East New Orleans native Maurice Carlos Ruffin is a graduate of the University of New Orleans MFA program in creative writing. Ruffin is a nonfiction columnist at the Virginia Quarterly Review and a contributing editor to Know Louisiana magazine. His writing has also appeared in the LA Times, The Bitter Southerner, Kenyon Review, and Massachusetts Review. One World Random House will publish Ruffin’s first novel, We Cast a Shadow, in January 2019.
What’s a dish, from a particular restaurant or kitchen, that you can’t get anymore in New Orleans?
I’m going across the city in my head thinking about places I used to go all the time. Barrow’s catfish was really one of a kind, the best of its kind. Some churches would regularly serve ‘dinner plates,’ a plate piled high with fried fish, peas, mac and cheese, cornbread, for five or seven bucks. Since Katrina, most of those church congregations have gotten smaller, and others have disappeared altogether.
What would you say to someone who is not from New Orleans and thinking about moving to the city?
New Orleans is as welcoming as it is complex. It’s such a unique place, and it can give you so much. Be prepared to give back. Have a plan for how you can contribute to the community and to disadvantaged people. One of the worst things I see is when people come down here and don’t know that we say hello when we pass someone on the street. It’s important, so be aware of the little things like that. Listen more than you talk. And if you want a good meal, make a good friend. Hang around their cousin’s house or aunt’s house. That’ll be where you can get a good meal.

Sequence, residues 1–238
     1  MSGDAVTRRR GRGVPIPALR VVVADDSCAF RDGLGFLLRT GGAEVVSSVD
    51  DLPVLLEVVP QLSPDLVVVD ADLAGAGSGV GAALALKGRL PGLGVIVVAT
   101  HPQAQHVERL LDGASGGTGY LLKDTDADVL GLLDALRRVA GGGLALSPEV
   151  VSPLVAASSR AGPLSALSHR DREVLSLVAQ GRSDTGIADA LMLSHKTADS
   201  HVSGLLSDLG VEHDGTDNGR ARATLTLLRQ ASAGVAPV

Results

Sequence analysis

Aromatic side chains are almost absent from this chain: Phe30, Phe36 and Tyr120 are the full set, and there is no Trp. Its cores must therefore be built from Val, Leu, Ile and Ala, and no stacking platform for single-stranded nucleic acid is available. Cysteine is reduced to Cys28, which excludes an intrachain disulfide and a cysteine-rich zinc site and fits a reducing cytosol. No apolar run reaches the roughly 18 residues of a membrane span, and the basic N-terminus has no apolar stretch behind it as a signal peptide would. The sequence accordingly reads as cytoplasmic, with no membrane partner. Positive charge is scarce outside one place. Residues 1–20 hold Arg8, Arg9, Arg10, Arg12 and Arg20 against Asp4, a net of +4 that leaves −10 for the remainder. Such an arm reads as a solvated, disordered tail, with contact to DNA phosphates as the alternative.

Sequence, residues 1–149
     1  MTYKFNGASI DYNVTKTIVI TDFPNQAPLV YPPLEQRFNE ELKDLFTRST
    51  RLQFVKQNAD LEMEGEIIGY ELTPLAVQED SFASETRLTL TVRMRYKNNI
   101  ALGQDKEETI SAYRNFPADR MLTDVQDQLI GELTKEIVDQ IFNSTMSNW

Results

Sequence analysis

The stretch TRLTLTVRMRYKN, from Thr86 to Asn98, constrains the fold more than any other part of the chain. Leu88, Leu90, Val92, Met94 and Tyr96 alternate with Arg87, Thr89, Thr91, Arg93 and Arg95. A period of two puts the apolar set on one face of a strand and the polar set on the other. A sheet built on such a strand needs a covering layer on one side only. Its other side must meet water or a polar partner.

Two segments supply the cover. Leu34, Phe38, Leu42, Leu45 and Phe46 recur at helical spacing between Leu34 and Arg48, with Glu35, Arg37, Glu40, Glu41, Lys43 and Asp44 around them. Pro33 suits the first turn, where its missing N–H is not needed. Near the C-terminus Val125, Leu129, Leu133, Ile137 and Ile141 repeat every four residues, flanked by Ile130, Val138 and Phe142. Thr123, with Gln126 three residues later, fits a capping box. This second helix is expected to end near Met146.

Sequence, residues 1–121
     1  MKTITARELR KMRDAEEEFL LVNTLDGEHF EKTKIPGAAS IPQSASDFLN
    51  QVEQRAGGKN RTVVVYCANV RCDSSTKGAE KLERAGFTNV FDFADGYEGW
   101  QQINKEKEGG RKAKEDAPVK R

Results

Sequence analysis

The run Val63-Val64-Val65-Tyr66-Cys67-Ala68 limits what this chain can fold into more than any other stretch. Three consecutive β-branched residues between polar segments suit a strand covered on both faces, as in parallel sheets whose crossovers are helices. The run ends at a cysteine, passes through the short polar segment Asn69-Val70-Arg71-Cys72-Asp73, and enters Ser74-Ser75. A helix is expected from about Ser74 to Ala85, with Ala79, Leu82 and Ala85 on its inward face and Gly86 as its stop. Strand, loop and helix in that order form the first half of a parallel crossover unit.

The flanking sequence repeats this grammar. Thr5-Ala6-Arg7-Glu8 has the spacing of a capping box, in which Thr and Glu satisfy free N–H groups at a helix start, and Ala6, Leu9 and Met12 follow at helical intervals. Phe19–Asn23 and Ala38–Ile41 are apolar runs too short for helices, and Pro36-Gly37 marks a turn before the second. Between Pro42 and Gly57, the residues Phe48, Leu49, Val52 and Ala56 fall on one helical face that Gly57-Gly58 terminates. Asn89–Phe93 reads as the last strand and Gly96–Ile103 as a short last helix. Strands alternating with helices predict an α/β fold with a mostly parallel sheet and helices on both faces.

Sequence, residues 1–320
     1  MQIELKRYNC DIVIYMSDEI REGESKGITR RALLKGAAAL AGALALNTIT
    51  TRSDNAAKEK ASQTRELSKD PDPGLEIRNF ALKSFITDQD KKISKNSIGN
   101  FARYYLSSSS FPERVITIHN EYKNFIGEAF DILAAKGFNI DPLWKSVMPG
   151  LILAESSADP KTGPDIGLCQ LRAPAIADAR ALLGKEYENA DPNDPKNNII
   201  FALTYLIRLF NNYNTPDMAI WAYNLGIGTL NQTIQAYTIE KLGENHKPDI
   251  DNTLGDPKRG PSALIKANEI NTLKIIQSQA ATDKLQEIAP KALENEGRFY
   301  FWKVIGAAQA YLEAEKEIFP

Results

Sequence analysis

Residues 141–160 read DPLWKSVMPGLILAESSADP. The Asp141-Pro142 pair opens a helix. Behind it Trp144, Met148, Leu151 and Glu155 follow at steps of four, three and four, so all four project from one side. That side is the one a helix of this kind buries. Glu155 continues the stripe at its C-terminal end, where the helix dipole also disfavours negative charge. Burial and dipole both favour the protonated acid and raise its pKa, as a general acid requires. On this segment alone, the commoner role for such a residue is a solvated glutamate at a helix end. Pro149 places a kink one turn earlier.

Was there a specific event or news item that motivated you to write about gentrification in New Orleans?
It wasn’t one moment, but I’ve been noticing how rapidly the change is happening. I thought I’d see a new restaurant once a month. It’s more like once a week. Every week, one place is opening and another is closing. They open with a big fanfare and close with a whimper. I hardly have time in my schedule to go to some places before they close.